One of the favored ways in which the relentless and well-funded anti-choice machine is making its way into government is the “choose life” license plate scam. Part of the funds from selling the plates go to the state, but a portion also goes to support “pregnancy centers that do not offer abortion as an alternative.”
The battle seems headed for the Supreme Court, particularly since states like Tennessee — which allow sales of the plates — won’t allow pro-choice groups the same options. You expect this kind of stuff in a place like Tennessee, but when these anti-choice groups start trying to make a beach head in blue states like Connecticut using the same tactics it’s quite a different matter.
So what happened when the Connecticut state DMV said they were reviewing the right of an out-of-state group to sell such license plates in Connecticut? The group’s president, Elizabeth Rex of Yonkers, New York, produced her letters of support, incuding one from…wait for it…Joe Lieberman.
Make sure to follow Jane’s links as well. As she points out, it’s worth emphasizing that these “crisis pregnancy centers” are part of a very calculated strategy of the forced pregnancy lobby. To express support for this is indeed pretty much what you would expect of someone now touting his “pro-choice” credentials but who on the most important pro-choice vote of his career (the cloture vote on Alito) was on the other side. I think we know who the Nutmeg state’s next Senator should be.
Incidentally, the constitutional issue that Jane discusses from the top is very interesting; the appeals courts have been badly split. The 6CA opinion on the Tennessee case upheld Tennessee’s policy, although the reasoning is pretty shaky. To put it crudely, the key issue is whether the state’s decision to permit pro-life but not pro-choice plates is “government speech”–in which case of course the government can discriminate between viewpoints–or whether the state was creating a forum for private speech, in which case the state has to be viewpoint neutral. Given the nature of Tennessee’s program–which permits more than 150 private groups to put forward messages they’ve crafted–is much closer to the latter. I was also amused by what the government of Tennessee considers to be acceptable and what it doesn’t. Addressing the majority’s claim that requiring viewpoint neutrality would require the state to create KKK license plates (which, as the dissent points out, is a better argument for getting the state out of the business of advertising political messages on mandanatory license plates than for violating viewpoint neutrality; the 1st Amendment doesn’t permit the government to restrict speech because people may say racist things), the dissent notes:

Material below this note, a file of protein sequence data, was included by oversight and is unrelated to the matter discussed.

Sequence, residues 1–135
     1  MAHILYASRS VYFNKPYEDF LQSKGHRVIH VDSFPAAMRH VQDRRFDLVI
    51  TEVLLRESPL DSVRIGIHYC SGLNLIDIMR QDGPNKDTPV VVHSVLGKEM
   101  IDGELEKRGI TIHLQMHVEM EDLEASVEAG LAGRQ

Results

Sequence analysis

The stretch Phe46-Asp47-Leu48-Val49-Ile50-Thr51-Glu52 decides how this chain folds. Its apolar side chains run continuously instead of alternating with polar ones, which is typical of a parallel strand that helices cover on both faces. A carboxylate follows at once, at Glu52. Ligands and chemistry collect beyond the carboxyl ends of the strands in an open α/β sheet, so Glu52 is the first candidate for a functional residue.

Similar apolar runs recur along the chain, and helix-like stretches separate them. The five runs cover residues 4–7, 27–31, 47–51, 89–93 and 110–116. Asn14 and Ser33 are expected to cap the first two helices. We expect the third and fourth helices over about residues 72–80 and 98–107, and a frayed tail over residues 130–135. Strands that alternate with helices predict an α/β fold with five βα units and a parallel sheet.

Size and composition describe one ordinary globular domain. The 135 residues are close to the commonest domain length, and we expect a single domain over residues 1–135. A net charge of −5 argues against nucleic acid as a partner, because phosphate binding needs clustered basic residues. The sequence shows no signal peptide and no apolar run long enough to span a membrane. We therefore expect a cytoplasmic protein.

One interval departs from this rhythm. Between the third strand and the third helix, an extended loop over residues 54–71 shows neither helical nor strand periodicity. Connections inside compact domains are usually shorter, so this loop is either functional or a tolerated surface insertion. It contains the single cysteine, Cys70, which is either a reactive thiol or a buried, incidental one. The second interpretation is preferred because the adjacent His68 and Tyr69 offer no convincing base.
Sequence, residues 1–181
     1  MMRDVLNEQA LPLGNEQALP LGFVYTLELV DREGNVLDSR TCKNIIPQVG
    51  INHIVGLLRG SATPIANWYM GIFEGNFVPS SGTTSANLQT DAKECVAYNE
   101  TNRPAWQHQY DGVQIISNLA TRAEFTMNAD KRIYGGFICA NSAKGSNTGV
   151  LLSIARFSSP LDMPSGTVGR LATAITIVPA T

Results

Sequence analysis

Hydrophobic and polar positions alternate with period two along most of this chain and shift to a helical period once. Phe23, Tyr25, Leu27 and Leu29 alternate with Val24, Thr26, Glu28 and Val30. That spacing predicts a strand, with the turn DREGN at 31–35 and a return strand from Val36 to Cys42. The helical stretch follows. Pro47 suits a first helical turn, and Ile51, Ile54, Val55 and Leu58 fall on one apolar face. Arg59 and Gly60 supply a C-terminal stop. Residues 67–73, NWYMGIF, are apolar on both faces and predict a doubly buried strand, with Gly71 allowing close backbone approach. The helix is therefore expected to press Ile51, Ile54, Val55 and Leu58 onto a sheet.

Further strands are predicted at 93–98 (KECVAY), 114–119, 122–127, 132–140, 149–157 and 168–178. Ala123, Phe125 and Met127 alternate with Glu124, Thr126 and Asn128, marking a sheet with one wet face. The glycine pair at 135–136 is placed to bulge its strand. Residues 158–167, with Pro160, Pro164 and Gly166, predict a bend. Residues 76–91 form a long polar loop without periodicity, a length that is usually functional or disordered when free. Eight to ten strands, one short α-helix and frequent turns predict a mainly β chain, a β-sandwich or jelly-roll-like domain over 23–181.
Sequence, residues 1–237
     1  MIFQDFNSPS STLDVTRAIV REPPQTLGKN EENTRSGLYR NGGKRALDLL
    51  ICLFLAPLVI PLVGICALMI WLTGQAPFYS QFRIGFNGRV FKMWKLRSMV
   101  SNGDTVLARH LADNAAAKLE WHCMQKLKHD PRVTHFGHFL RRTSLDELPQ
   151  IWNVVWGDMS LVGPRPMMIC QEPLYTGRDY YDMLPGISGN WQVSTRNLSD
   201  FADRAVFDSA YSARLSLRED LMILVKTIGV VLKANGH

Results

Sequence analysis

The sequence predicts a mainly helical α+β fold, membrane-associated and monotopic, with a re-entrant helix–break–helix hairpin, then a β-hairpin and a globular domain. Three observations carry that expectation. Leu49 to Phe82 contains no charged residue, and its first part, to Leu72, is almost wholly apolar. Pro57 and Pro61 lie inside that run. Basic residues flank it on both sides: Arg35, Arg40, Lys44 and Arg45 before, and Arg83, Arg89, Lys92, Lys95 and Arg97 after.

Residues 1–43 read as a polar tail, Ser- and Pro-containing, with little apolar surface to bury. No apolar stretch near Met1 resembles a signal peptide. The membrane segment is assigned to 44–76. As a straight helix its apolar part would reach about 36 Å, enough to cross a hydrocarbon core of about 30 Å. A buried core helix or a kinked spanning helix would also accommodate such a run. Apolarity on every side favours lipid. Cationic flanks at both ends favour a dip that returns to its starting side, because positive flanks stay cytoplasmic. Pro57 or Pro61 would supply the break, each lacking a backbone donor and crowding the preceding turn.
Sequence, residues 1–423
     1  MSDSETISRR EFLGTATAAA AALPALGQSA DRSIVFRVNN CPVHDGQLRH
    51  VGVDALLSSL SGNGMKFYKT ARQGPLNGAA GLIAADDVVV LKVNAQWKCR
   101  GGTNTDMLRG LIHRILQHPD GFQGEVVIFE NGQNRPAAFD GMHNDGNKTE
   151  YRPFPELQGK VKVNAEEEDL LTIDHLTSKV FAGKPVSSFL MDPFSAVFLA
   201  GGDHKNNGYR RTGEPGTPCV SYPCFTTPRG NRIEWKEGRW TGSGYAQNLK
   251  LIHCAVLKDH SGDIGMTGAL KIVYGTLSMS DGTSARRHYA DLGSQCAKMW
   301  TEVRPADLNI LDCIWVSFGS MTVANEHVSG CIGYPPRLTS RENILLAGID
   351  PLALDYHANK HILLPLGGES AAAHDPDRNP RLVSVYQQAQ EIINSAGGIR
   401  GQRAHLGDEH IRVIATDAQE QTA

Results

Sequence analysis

Finally, I also cannot subscribe to my colleagues’ melodramatic doomsday predictions about what would occur should we hold that the Constitution requires that Tennessee’s specialty license plate program be viewpoint neutral. The majority claims that viewpoint neutrality will require the state to issue Ku Klux Klan and American Nazi Party specialty license plates. The simple answer in response to this suggestion is: Well of course that’s true if viewpoint neutrality means anything. That is the same reason that Tennessee cannot prevent the KKK or Nazi Party from getting parade licenses on the same terms as other groups and the same reason that Tennessee cannot prevent these groups from espousing their views in the town squares.
Additionally, what my colleagues seem to miss is the fact that Tennessee already authorizes a Sons of Confederate Veterans license plate bearing the emblem of the Confederate Flag. To some, the Confederate flag is a symbol of pride in one’s heritage. To many others, however, the Confederate flag is a symbol that is just as offensive as the examples my colleagues put forth. (“One of the Confederacy’s key beliefs, as its Constitution readily asserted, was the interminable white man’s right to own black slaves. The battle flag of the Confederacy, then, [can be interpreted as] an exclusionary message that stigmatizes blacks as outsiders of the political community.”) (“Moreover, common sense suggests that such problems are not readily resolved merely because symbols such as a Confederate flag may be accompanied with slogans such as ‘heritage not hate,’ because a symbol’s significance often lies ‘in the eye of the beholder.’ To its supporters at the time of its creation as well as some proponents today . . . the Confederate flag undeniably represented, and represents, support for slavery, . . . and opposition to the Republic.”). The majority’s invocation of KKK and Nazi Party license plates is a red herring. [cites ommitted]
Shorter Tennessee government: “We proudly endorse treason in defense of slavery and white supremacy, but supporting a woman’s reproductive freedom is beyond the pale!”